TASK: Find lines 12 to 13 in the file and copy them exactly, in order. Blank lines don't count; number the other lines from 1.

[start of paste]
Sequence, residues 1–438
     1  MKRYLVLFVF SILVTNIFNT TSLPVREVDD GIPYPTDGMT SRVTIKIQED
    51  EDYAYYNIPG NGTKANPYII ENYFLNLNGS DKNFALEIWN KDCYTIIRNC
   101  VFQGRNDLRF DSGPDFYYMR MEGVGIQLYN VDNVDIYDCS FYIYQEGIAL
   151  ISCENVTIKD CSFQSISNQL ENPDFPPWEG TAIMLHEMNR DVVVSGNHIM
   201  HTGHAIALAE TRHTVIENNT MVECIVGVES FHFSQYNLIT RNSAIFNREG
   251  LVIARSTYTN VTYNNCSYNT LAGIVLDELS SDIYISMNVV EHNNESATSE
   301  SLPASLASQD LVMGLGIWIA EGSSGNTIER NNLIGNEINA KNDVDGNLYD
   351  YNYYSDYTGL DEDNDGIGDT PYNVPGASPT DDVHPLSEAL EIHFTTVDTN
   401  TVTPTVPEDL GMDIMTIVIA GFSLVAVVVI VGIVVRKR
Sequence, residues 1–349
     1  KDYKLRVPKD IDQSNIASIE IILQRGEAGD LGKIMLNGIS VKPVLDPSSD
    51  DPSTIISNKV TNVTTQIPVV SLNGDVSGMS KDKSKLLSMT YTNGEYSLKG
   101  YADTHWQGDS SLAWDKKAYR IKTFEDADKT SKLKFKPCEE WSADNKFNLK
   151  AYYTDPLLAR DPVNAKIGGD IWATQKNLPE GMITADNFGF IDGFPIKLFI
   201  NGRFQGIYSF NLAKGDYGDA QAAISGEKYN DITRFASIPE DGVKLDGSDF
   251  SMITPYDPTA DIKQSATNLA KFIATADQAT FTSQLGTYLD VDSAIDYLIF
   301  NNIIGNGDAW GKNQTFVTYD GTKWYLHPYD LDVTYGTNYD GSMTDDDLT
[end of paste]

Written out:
     1  KDYKLRVPKD IDQSNIASIE IILQRGEAGD LGKIMLNGIS VKPVLDPSSD
    51  DPSTIISNKV TNVTTQIPVV SLNGDVSGMS KDKSKLLSMT YTNGEYSLKG